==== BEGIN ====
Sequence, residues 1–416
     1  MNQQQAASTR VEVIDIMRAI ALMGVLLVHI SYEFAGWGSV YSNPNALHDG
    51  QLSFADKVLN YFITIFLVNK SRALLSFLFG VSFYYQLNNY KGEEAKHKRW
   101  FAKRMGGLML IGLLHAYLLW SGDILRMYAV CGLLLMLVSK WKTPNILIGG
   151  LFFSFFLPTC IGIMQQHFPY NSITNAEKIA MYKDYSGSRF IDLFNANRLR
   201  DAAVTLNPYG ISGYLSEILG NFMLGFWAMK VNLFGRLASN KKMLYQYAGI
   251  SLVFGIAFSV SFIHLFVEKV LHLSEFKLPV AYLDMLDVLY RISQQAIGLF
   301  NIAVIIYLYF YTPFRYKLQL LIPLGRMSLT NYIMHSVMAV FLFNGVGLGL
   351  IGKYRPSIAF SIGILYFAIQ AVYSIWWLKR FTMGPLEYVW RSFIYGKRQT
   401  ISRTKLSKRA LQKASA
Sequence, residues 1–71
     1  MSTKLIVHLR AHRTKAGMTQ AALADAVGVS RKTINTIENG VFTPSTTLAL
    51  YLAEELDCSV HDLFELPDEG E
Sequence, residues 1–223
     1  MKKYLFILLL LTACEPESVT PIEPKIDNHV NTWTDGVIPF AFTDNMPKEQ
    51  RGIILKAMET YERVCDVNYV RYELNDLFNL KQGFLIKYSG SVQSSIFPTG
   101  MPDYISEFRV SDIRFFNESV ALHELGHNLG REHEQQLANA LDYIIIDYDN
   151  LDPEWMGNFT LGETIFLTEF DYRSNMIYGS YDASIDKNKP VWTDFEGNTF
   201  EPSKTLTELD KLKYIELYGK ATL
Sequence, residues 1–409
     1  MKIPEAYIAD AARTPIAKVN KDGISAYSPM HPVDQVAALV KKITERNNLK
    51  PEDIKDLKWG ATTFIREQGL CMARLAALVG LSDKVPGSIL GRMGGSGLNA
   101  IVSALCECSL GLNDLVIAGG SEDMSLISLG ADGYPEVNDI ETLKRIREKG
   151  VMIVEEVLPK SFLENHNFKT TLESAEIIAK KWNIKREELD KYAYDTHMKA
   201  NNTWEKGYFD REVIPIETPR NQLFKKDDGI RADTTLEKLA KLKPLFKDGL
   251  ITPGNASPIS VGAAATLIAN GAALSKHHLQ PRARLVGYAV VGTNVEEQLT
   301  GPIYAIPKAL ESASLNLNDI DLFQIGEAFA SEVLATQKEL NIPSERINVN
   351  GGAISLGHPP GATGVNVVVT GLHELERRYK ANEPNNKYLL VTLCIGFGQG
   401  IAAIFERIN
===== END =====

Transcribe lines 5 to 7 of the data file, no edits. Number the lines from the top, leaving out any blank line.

   151  LFFSFFLPTC IGIMQQHFPY NSITNAEKIA MYKDYSGSRF IDLFNANRLR
   201  DAAVTLNPYG ISGYLSEILG NFMLGFWAMK VNLFGRLASN KKMLYQYAGI
   251  SLVFGIAFSV SFIHLFVEKV LHLSEFKLPV AYLDMLDVLY RISQQAIGLF